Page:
Change

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Change doesn’t just happen. It doesn’t matter if the change is something insignificant like changing the TV channel or if it’s something life-altering such as changing careers or moving. Change is the result of a motivating force that causes us to seek something better, a force that makes us pursue a different path for a more preferable result. Change is the result of motivation, where there is no motivation, change won’t survive.

A few years ago, I chose to change my diet in a limiting way.  The initial motivation came from a concern about my health, however it took a long time for that motivation to build. What started as a two-week trial ended up being a permanent solution as I realized that my health had improved dramatically.  The change itself wasn’t easy, I agonized for months whether the stress and problematic nature of the diet would be worth the result. It was inconvenient, scary, annoying. However, I was rewarded in the end and that reward has continued to reinforce the change despite it’s difficulties.

Wait a second. This isn’t a blog about diets and human health. How does this tie into dog training? Well! Let me tell you…

Change in our dogs is difficult. Habits, whether they are good or bad, develop because they are the natural desire of our dogs in a particular situation. The behaviors that go along with those habits feel good, they’re easy, and they’re difficult to change.

Recently, I questioned whether I should give up drinking alcohol. I assessed my consumption and analyzed the pros and cons. Currently, going to breweries and trying different ciders and wines is a fun social interaction for me. I am not motivated to make that change, I am quite happy with my current habits.  My current habit of social drinking is far more reinforcing to me than my perceived idea of what my experiences would be like without alcohol consumption.

We’re lucky, we are able to predict what our lives would be like after a change in habits. Our dogs don’t have that ability.  Instead, we have to find different ways to motivate the change in their habits, to replace undesirable behaviors with ones that we (their handlers) would prefer.

The typical way of discouraging bad behaviors in dogs includes replacing that bad behavior with a more acceptable one. For instance, if a dog jumps on guests at the front door, we can train that dog to lay on a mat when they hear the doorbell ring. It is impossible for that dog to jump on a guest and lay on the mat at the same time.  Sounds great, right? Well, we know that a change in habits requires motivation, so in this scenario, we have to find a way to make laying on a mat a more desirable behavior for our dog.  Some dogs, the promise of a food reward is good enough. Others, need a high rate of reinforcement or perhaps some creative thinking in terms of what we are actually reinforcing the dogs with.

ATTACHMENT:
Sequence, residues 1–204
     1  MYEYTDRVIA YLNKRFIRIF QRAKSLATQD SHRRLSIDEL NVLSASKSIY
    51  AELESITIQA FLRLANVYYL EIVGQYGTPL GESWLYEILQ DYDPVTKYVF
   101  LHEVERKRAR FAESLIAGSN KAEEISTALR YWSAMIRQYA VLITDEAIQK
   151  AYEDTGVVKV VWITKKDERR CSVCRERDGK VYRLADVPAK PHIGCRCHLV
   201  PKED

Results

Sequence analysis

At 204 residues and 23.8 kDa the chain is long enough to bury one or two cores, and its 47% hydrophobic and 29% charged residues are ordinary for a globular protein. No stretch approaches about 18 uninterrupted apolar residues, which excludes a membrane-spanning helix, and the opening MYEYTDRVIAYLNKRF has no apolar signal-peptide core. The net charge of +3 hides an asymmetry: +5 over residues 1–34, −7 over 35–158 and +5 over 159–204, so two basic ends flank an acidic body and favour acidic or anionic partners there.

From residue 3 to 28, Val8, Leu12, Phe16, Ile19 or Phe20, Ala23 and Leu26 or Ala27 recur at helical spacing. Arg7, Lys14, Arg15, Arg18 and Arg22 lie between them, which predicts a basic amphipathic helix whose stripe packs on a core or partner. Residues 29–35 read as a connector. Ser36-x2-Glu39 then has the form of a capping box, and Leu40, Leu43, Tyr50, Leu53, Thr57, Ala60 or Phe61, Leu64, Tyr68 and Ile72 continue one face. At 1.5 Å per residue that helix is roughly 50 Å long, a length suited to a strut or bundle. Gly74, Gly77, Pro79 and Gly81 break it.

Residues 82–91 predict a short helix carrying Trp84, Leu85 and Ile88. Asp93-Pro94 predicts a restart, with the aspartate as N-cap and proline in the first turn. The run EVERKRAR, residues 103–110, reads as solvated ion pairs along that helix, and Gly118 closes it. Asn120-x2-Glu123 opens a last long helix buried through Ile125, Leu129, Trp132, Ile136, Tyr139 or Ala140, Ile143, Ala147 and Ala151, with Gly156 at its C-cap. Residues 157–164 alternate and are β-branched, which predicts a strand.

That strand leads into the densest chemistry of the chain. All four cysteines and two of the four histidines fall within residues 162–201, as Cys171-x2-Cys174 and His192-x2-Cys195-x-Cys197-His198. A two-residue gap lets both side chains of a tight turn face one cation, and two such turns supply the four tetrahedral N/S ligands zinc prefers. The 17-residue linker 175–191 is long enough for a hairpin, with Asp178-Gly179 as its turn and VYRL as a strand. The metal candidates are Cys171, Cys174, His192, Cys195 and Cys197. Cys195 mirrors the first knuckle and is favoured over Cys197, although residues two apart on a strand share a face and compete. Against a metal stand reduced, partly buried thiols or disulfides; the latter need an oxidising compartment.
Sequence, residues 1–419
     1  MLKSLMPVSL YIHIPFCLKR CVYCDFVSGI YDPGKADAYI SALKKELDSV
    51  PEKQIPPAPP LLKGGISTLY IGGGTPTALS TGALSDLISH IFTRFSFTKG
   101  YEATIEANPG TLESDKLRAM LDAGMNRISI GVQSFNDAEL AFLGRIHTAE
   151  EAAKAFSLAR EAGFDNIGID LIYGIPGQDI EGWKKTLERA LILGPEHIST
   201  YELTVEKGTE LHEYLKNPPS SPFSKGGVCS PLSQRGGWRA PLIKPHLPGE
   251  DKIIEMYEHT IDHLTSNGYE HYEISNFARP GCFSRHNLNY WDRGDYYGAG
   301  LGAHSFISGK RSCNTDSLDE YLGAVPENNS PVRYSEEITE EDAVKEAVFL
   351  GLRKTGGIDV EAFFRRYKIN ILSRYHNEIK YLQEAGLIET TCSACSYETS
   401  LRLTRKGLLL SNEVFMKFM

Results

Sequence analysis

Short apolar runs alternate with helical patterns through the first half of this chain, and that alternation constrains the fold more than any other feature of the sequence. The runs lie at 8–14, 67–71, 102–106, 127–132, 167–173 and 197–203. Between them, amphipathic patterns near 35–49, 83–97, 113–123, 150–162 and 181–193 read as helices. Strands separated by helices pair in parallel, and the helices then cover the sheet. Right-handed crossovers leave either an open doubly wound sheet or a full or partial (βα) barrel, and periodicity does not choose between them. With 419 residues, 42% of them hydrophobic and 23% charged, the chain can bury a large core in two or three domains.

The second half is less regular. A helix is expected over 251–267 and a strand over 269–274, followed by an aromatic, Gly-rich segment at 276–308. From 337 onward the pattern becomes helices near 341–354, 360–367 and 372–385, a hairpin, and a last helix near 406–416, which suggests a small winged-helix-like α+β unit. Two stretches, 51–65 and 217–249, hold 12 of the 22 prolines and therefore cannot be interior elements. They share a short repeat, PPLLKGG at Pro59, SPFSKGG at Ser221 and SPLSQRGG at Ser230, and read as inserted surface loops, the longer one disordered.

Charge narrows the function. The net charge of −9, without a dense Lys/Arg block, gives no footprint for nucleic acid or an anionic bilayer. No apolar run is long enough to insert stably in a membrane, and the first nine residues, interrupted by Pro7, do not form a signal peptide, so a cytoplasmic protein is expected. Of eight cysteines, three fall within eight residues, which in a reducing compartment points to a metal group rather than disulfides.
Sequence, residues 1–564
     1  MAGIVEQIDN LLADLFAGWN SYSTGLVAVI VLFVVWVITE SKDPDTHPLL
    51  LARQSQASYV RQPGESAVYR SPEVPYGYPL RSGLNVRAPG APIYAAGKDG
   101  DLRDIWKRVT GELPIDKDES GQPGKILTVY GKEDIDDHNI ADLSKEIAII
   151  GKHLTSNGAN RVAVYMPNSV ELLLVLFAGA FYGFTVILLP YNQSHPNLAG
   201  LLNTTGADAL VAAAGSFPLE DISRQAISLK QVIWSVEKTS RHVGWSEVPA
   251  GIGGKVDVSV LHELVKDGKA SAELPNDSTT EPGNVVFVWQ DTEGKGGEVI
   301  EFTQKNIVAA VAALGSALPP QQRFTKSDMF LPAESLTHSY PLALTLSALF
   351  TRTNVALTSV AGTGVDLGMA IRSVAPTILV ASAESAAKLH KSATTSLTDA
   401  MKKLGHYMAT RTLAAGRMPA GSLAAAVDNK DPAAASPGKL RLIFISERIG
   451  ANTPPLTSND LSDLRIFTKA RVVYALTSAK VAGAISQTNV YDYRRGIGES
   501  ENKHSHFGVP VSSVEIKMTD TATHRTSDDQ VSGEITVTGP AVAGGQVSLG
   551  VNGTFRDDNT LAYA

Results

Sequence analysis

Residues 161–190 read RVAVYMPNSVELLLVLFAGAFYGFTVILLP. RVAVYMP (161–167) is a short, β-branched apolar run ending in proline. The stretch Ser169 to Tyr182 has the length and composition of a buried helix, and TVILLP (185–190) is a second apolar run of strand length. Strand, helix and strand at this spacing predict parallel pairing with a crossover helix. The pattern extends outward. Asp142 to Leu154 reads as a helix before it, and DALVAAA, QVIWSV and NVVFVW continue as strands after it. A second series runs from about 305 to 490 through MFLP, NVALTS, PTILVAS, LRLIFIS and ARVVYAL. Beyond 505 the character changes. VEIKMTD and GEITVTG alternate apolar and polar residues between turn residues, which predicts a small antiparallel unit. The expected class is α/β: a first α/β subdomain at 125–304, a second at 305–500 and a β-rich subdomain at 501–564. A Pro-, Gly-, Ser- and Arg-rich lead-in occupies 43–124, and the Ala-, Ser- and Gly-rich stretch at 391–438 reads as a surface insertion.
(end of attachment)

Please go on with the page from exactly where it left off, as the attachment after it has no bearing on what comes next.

A couple of years ago, I made another big change in my life. A group of friends and I gave up pop (soda, for you non-northern people). I was a three-can a day, avid Dr. Pepper supporter. This was not an easy change for me, but I knew the health benefits would be worth it.  I replaced my cans of pop with bottles of water and made it successfully a month without lapsing. It still wasn’t easy, it was a constant daily battle. I had to find an alternative behavior, something else to drink to replace pop.  Luckily, for me, I found joy in testing new beverages and quickly found new, healthier favorites.  My friend wasn’t as lucky. She wasn’t able to find a replacement that helped her maintain the new behavior and she ultimately went back to drinking pop.

Change is hard and that change needs maintenance if it’s to survive.  At some point, that maintenance gets easier and less demanding. Somewhere along the line, that new habit that had been created merely to prevent an old habit, solidifies and takes hold. But it’s hard work. Even harder when we can’t explain the pros and cons to our dogs, or tell them that they will be better off waiting at an open door instead of charging into the street.  It’s up to us to motivate the change for our dogs.

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